The Chinese ecommerce has become the dominant figure in the consumer spending landscape, on the Chinese market. In 2015 alone, the online sales of goods and services totalled RMB 3.8 trillion, and that is an increase of 37.2 percent YoY.
During last year’s “Singles Day” – an annual event that takes place in China on the 11th of November and in which online stores offer substantial discounts – the e-commerce giant Alibaba registered RMB 91.2 billion in online sales.
It was an increase of almost 60 percent, compared to its sales during “Singles Day” in the precedent year.
The Chinese eCommerce revolution is creating new entrants and industry disruptors that are forcing a complete rethink of the existing business models and practices in every sector. Fashion is no exception to this.
The retailers and the companies in the luxury fashion industry no longer have to depend on investing in bricks-and-mortar stores to expand their reach in the Chinese market.
The Chinese eCommerce revolution is forcing a rethink of the existing business models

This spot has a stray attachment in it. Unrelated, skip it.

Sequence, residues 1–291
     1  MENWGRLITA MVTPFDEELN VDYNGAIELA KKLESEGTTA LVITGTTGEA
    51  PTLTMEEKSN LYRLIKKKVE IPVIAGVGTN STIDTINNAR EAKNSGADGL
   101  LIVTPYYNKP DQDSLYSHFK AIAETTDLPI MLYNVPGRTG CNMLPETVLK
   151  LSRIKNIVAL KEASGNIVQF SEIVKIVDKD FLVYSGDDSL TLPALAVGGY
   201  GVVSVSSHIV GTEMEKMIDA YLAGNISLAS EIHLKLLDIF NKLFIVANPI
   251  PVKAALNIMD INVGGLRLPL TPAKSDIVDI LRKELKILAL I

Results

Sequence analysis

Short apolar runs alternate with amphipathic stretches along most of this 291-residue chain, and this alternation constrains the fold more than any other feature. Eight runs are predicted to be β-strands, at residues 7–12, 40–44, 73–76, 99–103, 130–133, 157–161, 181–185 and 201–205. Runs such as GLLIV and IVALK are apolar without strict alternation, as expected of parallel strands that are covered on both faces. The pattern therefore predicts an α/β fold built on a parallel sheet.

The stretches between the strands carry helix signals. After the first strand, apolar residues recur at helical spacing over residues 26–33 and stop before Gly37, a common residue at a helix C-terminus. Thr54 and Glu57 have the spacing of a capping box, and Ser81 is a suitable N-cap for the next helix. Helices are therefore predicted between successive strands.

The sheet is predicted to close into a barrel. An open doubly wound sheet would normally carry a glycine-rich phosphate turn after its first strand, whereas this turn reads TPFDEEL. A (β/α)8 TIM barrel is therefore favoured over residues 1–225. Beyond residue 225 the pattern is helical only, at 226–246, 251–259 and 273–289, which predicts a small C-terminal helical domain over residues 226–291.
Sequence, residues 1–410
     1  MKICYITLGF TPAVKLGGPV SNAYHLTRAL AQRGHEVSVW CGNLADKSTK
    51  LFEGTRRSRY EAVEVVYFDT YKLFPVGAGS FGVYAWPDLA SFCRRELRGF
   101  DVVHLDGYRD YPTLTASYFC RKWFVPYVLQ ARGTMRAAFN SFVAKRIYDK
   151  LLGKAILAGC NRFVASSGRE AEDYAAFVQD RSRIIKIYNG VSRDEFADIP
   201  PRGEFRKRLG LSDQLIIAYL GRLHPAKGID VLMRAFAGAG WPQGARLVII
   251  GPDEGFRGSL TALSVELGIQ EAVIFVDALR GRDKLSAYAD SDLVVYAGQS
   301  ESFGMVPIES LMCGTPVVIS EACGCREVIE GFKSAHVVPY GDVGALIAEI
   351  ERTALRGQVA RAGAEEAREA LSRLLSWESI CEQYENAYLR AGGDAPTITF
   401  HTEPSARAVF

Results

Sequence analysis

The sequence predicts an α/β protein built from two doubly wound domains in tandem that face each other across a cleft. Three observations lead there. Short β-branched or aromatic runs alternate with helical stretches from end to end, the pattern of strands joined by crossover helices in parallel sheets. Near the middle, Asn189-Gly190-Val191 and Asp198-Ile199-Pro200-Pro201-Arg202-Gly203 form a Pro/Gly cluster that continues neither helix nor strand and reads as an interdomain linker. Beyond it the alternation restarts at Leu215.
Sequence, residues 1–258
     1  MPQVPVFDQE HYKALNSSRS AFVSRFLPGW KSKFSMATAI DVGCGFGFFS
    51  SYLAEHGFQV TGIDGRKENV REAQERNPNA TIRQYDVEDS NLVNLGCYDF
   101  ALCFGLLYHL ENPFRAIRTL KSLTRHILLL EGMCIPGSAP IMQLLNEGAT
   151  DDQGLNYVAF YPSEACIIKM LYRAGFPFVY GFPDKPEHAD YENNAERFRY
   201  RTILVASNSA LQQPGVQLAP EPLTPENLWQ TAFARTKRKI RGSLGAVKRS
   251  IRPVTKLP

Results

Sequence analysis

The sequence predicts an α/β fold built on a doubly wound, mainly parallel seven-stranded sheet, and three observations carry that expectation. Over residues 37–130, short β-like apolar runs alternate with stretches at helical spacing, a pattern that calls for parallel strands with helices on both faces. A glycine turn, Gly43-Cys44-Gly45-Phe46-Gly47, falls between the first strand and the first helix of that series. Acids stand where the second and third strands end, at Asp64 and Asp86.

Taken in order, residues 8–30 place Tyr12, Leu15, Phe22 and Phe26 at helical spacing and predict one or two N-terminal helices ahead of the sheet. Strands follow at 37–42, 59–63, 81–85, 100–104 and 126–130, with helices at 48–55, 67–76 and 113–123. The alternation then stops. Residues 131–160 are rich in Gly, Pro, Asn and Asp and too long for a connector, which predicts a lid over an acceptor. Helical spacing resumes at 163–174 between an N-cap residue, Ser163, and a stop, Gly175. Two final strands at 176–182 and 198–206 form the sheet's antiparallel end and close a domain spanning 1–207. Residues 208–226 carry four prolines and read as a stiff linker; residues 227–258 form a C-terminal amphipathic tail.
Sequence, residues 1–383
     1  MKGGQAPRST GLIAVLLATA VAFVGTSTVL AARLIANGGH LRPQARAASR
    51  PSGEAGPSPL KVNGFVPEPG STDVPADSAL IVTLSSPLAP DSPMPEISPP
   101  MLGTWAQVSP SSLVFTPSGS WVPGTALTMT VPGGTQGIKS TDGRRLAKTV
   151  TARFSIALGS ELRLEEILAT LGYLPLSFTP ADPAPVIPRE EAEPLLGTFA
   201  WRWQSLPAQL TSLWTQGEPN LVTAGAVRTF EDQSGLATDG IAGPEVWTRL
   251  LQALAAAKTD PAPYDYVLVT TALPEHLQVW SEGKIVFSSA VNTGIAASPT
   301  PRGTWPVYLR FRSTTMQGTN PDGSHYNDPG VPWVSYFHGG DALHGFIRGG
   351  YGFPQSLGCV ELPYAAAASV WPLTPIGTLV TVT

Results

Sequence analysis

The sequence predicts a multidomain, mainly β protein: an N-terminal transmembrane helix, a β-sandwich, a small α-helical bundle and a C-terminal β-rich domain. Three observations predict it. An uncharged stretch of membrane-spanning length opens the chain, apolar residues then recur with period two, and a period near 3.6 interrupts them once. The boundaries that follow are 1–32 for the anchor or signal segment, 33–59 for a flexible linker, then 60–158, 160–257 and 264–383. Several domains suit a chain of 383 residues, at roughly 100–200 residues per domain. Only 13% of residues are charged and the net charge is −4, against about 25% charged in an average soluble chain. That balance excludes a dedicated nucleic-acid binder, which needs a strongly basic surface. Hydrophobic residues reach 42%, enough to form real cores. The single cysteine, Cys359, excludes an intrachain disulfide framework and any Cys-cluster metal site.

At the same time, as the e-commerce has made it cheaper and easier for companies and individuals to market their fashion products on various online platforms, the consequence is an intense market competition and a major decrease in prices.
In fact, iResearch, a consultancy that focuses on China’s internet industry, expects the country’s online sales to double in the next three years, reaching RMB 7.5 trillion in 2018.
This shift in Chinese consumers’ preferences must become the primary focus for the fashion makers, both domestic and foreign.
Fashion companies operating in China have to rethink their strategies based on the following premises: it is no longer about marketing to the Chinese consumer, but about manufacturing for the Chinese consumer. Also, migrate from on-site sales to online sales thanks to the latest technological advances.
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Even the Chinese Government understand the e-commerce revolution and for that has introduced some major policy initiatives aimed to stimulate the upgrading of the country’s manufacturing capabilities and help companies move up the technology value chain.
The “Internet Plus” and the “Made in China 2025” and plans, both announced in 2015, have promoted the development of specific sectors such as the ICT research, the R&D, the smart manufacturing, e-commerce, and “green” technologies.